More and more, businesses are looking for ways to blend brick-and-mortar stores with online services. The company that rules the online marketplace? Amazon. But Bezos is branching out.
Last week, the e-commerce giant made a bid to buy the healthy supermarket chain, Whole Foods, for $13.7 billion. This acquisition is Amazon’s biggest and boldest by far. Its second largest is popular e-commerce shoe retailer, Zappos, which was acquired for a mere $1.2 billion, by comparison.
Other companies—especially Walmart, Target, Kroger and Costco—aren’t taking this acquisition lightly. In fact, the common reaction appears to be panic as shares of the largest grocery competitors took a tumble. News outlets are naming it a “takeover”, and a “Supermarket War”, claiming that Amazon will now decimate the grocery store, like they did the shopping mall. And they’re probably not wrong.
This isn’t necessarily negative. Amazon will continue to do what it does best: data. It will likely leverage it’s data-bilities on a new industry:
Armed with giant warehouses, shopper data, the latest technology and nearly endless funds — and now with Whole Foods’ hundreds of physical stores — Amazon is poised to reshape an $800 billion grocery market that is already undergoing many changes. (New York Times)
While it doesn’t necessarily bode well for competitors, imagine the convenience of Amazon fulfillment, integrated with the supermarket shopping experience. This is another area in which Amazon has effectively inserted its business into everyday life.
This isn’t Amazon’s first foray into food. Amazon has two other grocery brainchildren: Amazon Fresh and more recently, Amazon Go.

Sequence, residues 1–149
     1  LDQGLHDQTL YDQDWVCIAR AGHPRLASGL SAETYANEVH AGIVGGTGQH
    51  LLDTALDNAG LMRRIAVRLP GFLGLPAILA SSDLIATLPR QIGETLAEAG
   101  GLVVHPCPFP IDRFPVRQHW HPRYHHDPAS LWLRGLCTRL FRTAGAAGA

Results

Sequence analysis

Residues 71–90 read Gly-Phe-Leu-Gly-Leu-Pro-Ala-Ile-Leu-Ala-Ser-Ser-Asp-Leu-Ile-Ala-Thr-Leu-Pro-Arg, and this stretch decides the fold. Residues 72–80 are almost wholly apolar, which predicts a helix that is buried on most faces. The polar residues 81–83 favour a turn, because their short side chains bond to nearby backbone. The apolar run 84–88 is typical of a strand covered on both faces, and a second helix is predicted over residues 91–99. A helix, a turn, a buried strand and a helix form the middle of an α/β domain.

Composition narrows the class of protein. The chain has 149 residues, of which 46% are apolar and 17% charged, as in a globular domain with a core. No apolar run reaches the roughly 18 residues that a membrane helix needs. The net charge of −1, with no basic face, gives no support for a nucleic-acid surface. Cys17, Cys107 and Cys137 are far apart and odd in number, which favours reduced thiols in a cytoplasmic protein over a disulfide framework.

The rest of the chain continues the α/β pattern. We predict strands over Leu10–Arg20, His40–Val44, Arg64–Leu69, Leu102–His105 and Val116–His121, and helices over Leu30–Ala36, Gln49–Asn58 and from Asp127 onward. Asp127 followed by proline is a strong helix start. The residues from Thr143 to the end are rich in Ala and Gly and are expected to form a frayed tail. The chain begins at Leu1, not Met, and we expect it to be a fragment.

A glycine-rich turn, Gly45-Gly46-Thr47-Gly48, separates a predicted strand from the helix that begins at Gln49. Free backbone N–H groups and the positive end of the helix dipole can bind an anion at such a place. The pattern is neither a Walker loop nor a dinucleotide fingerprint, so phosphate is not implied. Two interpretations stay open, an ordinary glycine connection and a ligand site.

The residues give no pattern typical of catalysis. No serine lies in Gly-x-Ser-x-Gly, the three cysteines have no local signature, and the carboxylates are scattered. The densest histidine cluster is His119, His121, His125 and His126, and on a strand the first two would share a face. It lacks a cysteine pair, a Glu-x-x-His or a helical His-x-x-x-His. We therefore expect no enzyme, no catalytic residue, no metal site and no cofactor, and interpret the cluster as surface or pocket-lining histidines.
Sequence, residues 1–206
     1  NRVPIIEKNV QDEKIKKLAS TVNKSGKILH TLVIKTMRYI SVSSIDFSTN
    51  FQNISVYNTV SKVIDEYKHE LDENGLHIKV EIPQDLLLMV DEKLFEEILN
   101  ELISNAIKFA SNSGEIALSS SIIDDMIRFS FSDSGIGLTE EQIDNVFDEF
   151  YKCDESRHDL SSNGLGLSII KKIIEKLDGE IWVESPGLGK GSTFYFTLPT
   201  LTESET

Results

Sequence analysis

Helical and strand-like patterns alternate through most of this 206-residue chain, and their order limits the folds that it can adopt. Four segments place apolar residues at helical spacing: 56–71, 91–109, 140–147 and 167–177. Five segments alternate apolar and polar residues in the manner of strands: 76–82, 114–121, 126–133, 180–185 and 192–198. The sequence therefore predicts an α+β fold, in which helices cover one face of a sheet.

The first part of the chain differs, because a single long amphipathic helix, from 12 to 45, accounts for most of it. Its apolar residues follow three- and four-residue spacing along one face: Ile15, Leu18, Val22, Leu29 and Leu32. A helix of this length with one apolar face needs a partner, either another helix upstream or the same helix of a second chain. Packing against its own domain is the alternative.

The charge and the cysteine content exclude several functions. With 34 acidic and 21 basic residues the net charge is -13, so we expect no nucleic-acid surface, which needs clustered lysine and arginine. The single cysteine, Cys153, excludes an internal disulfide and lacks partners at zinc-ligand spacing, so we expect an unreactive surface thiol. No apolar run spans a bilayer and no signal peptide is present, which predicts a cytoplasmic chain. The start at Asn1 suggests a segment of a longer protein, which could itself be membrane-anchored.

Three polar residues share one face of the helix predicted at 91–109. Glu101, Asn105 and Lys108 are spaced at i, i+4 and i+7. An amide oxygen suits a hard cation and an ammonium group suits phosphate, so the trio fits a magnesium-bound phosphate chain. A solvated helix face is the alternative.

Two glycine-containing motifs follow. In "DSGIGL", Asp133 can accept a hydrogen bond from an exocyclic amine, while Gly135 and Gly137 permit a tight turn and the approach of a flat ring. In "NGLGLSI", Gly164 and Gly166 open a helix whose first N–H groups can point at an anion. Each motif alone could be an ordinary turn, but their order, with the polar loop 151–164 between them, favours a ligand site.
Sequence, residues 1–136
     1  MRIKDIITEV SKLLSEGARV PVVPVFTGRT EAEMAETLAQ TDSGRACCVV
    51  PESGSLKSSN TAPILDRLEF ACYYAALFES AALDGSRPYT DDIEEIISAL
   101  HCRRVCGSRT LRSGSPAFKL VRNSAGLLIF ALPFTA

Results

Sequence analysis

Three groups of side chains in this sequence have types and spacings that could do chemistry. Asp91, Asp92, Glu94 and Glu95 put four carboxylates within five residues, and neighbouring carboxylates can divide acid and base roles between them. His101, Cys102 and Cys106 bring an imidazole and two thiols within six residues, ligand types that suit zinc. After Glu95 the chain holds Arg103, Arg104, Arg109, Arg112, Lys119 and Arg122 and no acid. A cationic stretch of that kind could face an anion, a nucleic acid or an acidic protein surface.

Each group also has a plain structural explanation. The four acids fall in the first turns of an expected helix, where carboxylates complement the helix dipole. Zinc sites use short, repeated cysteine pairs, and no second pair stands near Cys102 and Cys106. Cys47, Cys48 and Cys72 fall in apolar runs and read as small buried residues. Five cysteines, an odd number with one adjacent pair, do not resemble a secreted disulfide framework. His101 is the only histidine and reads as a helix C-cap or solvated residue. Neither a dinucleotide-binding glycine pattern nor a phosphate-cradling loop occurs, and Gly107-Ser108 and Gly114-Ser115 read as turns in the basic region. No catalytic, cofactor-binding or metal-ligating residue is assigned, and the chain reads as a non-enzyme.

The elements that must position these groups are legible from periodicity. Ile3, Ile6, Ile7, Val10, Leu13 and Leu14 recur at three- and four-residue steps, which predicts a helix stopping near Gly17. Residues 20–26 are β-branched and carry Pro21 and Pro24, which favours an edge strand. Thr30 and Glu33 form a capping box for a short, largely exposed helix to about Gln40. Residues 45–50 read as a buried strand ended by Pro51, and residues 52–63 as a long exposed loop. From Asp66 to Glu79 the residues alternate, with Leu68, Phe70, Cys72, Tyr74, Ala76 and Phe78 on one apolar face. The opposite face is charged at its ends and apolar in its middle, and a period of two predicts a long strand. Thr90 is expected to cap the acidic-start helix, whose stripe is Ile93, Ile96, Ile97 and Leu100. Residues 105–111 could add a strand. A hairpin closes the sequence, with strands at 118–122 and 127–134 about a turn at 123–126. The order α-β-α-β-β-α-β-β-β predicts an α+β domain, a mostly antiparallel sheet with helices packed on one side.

Launched—though somewhat unsuccessfully—in 2007, Amazon Fresh is an online grocery delivery service. These services are the pinnacle of consumer convenience; shoppers go online, fill virtual carts with their preferred grocery items (included favorite supermarket brands), and have these goods delivered straight to their doors. Others competing in the same ring are Instacart, Shipt, Peadpod, and FreshDirect.
Though still unavailable in most countries, AmazonFresh is remarkable in that it’s entering into and promising to revolutionize yet another industry.
Amazon had always sworn it would stay away from the brick-and-mortar store. As it turns out, it’s still all about location, location, location. In December, Amazon announced their plans to revolutionize the grocery shopping experience by building a physical store.
Think of all the ways in which grocery stores can be inconvenient: checkout lines, price variation among stores, and merchandise offerings. Amazon Go, their grocery store prototype, is an integrated technology shopping experience. It works like such:
Shoppers use an app to add the products they plan to buy to a digital shopping cart. They can then walk out of the building without waiting in a checkout line. Amazon’s machine-learning technology automatically identifies when a product is added to your cart, so you don’t have to do it yourself. When you leave the store, Amazon automatically charges your account. (Business Insider)
Amazon is incorporating tons of innovative technologies, including artificial intelligence, machine-learning, and elements from self-driving cars. As most Amazon and Prime consumers will testify, their shopping experiences are quick and convenient. Still to be determined: can consumers have the best of both worlds, or will convenience come at a price?